Winegrowers regain hope after frost and crop failure

"How much storage capacity we have? Here in repperndorf around 33 million liters. But we don't need them." christian baumann is cellar master at the franken winegrowers' association (GWF) in repperndorf. And he also explains why such large storage capacities are no longer needed. "Earlier", according to the 49-year-old, "we used to store two and a half harvests in the cellar. Today, the female wine of the last vintage is usually sold straight away."

times have changed at GWF. Previously known more for large quantities than for quality, frankens grobte winzergenossenschaft now focuses more on class than on quantity. Many a storage tank remains empty. Especially when, as in 2011, the grapevines freeze and the harvest is small. It is clear that such whims of nature spoil the balance sheet of a cooperative to which 1600 winegrowers belong. However, the vast majority of them run their wineries as a sideline or as a hobby.

Sales dropped by five percent, explained michael schweinberger, managing director of the company, at the annual press conference on tuesday. Contracts with discounters had to be canceled. There was simply no wine. The members of the cooperative are of course also aware of this when it comes to grape money.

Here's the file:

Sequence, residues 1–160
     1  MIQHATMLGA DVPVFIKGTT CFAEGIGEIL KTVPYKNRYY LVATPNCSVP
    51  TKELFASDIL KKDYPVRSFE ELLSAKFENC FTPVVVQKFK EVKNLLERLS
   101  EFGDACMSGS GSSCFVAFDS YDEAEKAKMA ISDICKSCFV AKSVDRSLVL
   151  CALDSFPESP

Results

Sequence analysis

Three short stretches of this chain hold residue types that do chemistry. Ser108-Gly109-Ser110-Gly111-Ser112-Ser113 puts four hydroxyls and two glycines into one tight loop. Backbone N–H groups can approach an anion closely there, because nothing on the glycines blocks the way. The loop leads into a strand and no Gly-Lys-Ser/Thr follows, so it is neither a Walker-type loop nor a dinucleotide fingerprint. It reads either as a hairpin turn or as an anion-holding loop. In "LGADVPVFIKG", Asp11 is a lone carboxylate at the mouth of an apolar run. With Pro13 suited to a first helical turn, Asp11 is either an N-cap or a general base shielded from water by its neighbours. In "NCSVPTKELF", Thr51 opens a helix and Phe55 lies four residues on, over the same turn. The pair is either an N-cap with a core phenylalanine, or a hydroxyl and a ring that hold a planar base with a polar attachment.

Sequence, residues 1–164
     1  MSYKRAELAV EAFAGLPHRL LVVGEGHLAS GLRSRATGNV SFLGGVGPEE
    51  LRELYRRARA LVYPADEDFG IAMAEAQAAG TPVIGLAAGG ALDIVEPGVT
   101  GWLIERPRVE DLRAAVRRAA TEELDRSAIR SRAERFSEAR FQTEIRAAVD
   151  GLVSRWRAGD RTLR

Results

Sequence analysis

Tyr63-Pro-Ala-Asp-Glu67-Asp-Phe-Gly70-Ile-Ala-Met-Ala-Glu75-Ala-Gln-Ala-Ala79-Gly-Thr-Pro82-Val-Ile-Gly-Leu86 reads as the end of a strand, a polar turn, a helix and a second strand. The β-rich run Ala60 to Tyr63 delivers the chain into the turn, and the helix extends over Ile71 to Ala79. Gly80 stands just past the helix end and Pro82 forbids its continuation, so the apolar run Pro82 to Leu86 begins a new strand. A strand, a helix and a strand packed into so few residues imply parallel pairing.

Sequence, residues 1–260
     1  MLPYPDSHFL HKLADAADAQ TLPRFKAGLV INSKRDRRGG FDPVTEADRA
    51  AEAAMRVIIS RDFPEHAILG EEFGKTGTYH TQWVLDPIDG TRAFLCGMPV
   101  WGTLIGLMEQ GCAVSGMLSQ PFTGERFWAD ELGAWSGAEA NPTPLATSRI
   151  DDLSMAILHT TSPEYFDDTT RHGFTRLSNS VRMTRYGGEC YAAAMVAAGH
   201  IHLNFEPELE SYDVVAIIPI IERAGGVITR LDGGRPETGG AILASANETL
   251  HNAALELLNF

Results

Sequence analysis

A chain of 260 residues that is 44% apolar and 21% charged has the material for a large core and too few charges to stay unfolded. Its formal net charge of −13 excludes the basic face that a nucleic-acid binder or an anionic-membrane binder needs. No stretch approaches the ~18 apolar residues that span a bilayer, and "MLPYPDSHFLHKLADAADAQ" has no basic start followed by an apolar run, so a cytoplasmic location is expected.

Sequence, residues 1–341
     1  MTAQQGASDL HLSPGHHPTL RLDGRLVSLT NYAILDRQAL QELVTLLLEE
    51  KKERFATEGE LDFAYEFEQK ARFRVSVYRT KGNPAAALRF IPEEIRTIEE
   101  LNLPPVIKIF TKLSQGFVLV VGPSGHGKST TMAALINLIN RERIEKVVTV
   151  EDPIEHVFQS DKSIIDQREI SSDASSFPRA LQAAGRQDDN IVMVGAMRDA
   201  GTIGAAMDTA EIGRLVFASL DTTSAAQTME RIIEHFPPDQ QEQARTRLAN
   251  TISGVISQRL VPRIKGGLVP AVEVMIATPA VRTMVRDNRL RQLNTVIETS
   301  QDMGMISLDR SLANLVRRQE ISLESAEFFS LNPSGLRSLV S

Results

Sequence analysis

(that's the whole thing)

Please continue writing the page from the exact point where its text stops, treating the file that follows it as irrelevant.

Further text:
Normal harvest developments
But: the harvest of the year 2012 promises a normal development again. Although planned investments had to be frozen at first, the general mood is now positive again, says schweinberger. Not only with him, but of course with the cellar master as well. Christian baumeister will be making his rounds of member vintners again and again in the coming weeks. Looks around in the vineyard, advises on cultivation and care. This is important for the future quality, he explains.

Quality is defined differently at GWF. It is based on what the customer wants. There are, for example, for the young audience the young francs, rather fruity fresh wines, as well as pramierte spatlesen in the higher-priced sector.

As far as prices are concerned, the frankenweine are the best in the country anyway. The average price for a 0.75-liter bottle is 3.46 euros. Baden wine, on the other hand, costs an average of only 2.62 euros. The franconians want to play in the league even when the harvests become coarser again. This requires quality. This is exactly what the cellarers in repperndorf are working on. Christian baumann points to a whole row of barrique barrels. "Here ripens a regent, vintage 2008" he remarks in passing. And takes a sample, only to find out dryly: "still needs." "because our wine needs a clear profile" the explanation is provided immediately. And it is the cellar master who is responsible for the profile.

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